The 6 volt light bulbs will be brighter and probably won't last as long. On a front-mount you should add some additional resistance in the ignition circuit to protect the coil. Please refer to my comments on the Main 12 Volt Page regarding coils and ignition resistance.
The 12 Volt Generator Conversion - For this one you need to find a shop that will re-wind your generator to put out 14 volts. Then you can use a standard, off-the-shelf 12 volt regulator, 12 volt coil, and 12 volt bulbs.
Positive Ground Alternators - YES, it is possible to convert a normal negative ground alternator to work in a positive ground system. These have been created in both 6 and 12 volt versions. There's probably even an 8-volt version if you look hard enough. My question is WHY would anyone want to complicate life to this drgree? Most people see an alternator and immediately assume it's supposed to be negative ground. By using one of these, it virtually guarantees that the alternator is going to get hooked up wrong at some point and instantly fried.
I guess the lesson here is to just keep it simple and document whatever you decide to do. When I run into one of the oddball systems, it's because the system failed or never worked. My first recommendation is to put the original 6 volt system back on the tractor. If that's a NO, then go with the main stream 12 volt conversion.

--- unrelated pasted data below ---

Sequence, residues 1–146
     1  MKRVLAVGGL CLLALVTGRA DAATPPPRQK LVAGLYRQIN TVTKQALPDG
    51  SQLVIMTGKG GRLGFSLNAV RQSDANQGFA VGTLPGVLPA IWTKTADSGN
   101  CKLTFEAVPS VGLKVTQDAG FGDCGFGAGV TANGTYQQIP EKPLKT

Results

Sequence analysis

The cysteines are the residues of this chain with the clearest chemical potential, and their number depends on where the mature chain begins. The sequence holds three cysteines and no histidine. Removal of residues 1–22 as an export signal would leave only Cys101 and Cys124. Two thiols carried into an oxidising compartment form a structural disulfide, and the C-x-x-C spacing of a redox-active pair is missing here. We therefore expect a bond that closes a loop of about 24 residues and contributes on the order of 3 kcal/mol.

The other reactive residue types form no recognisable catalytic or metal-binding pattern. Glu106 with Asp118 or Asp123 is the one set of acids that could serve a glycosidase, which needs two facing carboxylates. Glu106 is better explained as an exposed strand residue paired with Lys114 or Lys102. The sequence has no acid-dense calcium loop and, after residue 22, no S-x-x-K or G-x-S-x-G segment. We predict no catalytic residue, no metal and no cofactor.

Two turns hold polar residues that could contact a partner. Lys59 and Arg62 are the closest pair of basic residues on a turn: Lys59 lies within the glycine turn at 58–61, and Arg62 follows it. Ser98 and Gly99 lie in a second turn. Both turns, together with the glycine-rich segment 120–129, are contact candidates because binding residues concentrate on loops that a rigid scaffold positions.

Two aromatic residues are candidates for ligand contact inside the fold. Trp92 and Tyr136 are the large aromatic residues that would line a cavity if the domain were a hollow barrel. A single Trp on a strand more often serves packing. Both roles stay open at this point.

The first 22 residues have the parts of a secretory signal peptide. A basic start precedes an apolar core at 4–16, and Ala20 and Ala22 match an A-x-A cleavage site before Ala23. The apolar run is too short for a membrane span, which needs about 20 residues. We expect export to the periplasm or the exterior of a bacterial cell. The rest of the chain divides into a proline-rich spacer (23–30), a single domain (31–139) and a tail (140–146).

No conversion will permanently fix any of the things that will eventually cause any electrical system to fail. The simple fact remains that these tractors do require more frequent maintenance than modern equipment. Open connections and unsealed switches are attacked by the environment and deteriorate over time. If you don't take things apart and clean the connections eventually they will fail. Changing the voltage may increase the time between maintenance but also increases the potential damage that can be caused. More voltage equals more energy to dissipate. Things that just looked dirty at 6 volts are often melted and useless when they fail at 12 volts.